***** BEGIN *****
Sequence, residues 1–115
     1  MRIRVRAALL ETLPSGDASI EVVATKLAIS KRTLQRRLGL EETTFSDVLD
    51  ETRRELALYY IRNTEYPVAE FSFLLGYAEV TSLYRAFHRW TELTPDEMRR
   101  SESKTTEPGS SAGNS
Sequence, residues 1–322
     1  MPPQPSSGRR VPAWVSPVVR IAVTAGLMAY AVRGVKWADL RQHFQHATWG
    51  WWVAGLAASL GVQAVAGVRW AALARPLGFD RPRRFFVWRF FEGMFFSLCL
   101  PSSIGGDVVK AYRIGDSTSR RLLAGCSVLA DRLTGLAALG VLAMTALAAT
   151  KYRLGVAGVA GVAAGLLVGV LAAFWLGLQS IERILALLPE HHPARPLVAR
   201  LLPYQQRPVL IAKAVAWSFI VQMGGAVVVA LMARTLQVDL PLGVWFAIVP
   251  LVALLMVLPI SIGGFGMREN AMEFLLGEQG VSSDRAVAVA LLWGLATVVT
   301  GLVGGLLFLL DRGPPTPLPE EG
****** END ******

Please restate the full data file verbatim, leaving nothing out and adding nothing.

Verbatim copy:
Sequence, residues 1–115
     1  MRIRVRAALL ETLPSGDASI EVVATKLAIS KRTLQRRLGL EETTFSDVLD
    51  ETRRELALYY IRNTEYPVAE FSFLLGYAEV TSLYRAFHRW TELTPDEMRR
   101  SESKTTEPGS SAGNS
Sequence, residues 1–322
     1  MPPQPSSGRR VPAWVSPVVR IAVTAGLMAY AVRGVKWADL RQHFQHATWG
    51  WWVAGLAASL GVQAVAGVRW AALARPLGFD RPRRFFVWRF FEGMFFSLCL
   101  PSSIGGDVVK AYRIGDSTSR RLLAGCSVLA DRLTGLAALG VLAMTALAAT
   151  KYRLGVAGVA GVAAGLLVGV LAAFWLGLQS IERILALLPE HHPARPLVAR
   201  LLPYQQRPVL IAKAVAWSFI VQMGGAVVVA LMARTLQVDL PLGVWFAIVP
   251  LVALLMVLPI SIGGFGMREN AMEFLLGEQG VSSDRAVAVA LLWGLATVVT
   301  GLVGGLLFLL DRGPPTPLPE EG